Since the 1970s, people have called for a celebration of an Indigenous People’s Day in protest and instead of what the U.S. federally still recognizes as Columbus Day. As of last year, fifteen states now officially recognize October 12th as Indigenous People’s Day and not Columbus Day. This switch is meant to protest the uplifting of genocide that Christopher Columbus and the colonial practices that followed his American arrival committed against Native American people and instead celebrate the rich and diverse cultures, heritages and identities of indigenous people in the modern U.S.
Seven Indigenous youth activists share what their identity means to them: how this relates to their climate work and how they celebrate this day.
1. Kaden Ryan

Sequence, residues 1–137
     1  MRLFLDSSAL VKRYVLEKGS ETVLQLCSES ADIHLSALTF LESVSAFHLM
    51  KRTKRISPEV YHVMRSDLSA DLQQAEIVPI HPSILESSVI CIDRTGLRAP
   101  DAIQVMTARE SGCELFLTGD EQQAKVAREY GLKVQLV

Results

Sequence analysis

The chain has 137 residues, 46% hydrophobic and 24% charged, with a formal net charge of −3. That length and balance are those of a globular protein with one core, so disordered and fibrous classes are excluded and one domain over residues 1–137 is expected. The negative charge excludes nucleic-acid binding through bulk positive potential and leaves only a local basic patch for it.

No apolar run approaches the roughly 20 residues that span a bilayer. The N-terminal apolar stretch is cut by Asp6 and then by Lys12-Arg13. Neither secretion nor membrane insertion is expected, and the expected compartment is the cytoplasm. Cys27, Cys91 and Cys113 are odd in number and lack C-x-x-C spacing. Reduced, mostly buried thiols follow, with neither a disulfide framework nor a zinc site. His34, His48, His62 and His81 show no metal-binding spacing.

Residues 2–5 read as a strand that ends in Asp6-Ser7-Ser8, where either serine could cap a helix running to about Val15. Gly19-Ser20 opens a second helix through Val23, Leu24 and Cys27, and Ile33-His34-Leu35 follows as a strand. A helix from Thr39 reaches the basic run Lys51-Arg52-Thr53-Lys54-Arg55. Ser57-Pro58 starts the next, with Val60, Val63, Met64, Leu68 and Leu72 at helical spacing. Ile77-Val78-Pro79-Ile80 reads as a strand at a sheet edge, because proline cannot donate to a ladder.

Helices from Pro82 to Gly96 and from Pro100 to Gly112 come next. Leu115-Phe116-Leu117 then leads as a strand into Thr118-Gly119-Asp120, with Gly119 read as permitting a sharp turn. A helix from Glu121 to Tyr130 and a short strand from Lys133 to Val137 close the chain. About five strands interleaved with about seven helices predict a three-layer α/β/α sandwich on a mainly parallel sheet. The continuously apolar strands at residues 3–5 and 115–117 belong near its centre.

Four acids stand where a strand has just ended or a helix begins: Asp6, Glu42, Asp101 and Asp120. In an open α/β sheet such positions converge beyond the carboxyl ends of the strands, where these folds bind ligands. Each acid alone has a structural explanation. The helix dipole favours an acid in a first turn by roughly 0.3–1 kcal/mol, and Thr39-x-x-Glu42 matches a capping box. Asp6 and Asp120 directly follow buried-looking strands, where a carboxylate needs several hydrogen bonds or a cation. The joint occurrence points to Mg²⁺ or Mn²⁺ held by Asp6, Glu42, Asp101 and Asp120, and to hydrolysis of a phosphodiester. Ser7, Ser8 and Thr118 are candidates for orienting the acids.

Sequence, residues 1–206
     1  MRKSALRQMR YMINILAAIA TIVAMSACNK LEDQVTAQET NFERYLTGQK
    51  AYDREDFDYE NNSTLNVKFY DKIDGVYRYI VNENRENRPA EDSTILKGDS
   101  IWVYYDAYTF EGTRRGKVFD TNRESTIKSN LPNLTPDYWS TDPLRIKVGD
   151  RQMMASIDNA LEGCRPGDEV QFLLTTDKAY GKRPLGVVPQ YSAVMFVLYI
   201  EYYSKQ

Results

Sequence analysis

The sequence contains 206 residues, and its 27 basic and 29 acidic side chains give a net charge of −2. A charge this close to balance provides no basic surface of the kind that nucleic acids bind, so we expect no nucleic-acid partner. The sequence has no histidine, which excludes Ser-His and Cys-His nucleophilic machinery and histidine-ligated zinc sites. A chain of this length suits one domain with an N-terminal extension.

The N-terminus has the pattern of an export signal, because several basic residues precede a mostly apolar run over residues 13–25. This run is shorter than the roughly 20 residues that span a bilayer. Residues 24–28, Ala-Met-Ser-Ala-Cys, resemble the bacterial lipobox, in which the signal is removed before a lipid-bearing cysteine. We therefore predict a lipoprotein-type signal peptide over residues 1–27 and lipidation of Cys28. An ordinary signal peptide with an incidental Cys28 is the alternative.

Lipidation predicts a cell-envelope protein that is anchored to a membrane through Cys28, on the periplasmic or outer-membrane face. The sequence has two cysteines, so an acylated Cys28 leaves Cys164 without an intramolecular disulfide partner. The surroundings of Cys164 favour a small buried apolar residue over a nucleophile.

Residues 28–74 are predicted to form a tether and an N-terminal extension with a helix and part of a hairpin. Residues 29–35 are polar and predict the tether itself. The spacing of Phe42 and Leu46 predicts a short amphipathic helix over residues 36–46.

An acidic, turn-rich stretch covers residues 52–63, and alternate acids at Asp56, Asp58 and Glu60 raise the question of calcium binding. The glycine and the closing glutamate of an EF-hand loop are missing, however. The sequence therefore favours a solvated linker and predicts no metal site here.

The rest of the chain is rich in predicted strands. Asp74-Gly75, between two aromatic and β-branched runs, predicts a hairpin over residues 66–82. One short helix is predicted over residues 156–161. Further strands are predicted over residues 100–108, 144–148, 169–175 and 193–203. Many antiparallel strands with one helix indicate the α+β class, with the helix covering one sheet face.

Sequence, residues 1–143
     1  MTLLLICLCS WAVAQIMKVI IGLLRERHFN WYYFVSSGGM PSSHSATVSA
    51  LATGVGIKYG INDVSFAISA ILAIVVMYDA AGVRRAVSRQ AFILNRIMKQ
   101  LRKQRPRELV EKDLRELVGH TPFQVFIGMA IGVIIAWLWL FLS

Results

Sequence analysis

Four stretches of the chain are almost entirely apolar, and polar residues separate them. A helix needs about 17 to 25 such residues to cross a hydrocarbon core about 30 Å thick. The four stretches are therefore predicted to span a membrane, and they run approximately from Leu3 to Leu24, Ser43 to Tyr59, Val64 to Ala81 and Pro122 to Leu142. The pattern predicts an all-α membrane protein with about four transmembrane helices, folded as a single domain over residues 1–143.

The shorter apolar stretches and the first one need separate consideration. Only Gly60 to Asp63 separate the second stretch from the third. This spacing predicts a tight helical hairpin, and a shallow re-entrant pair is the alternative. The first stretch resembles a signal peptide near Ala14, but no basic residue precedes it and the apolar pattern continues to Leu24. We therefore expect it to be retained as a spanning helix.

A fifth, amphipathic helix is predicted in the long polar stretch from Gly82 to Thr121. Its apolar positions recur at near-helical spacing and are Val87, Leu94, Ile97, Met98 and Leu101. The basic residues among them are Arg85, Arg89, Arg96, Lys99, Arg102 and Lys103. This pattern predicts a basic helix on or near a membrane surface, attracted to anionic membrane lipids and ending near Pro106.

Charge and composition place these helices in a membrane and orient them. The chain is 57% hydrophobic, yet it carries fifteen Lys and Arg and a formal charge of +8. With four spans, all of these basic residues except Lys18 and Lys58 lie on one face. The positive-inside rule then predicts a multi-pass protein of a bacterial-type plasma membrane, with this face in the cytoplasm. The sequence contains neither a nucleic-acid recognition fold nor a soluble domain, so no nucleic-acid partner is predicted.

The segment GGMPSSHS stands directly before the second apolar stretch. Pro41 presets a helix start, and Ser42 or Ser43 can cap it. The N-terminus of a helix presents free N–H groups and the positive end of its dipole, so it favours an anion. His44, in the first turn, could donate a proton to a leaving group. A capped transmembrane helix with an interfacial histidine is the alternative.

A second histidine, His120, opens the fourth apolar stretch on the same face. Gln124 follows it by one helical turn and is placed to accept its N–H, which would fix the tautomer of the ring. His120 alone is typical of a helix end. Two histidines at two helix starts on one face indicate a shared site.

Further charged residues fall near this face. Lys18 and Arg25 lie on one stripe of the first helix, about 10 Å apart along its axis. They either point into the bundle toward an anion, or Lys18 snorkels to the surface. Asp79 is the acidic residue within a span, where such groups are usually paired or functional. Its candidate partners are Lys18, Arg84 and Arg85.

2. Sareya Taylor
3. Jay Mercado
4. Catherine Oxendine
5. Dylan Kenai
6. Wyatt Wilson
7. Thomás Lopez Jr.
Social Media Intern
India joins ACE as a Social Media Intern based in Washington, D.C. She is currently studying at American University for a B.A. in an Interdisciplinary Studies major of Communications, Legal Studies, Economics and Government with a minor in Arabic: her third language after English and Spanish.
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This year has been filled with the highest highs and the lowest lows. We struggled individually and collectively in new and challenging ways—from COVID-19 to fighting for racial justice. At the same time, we solved challenging problems. We rose to new heights of unimaginable creativity. And, most importantly, we found a way forward— together.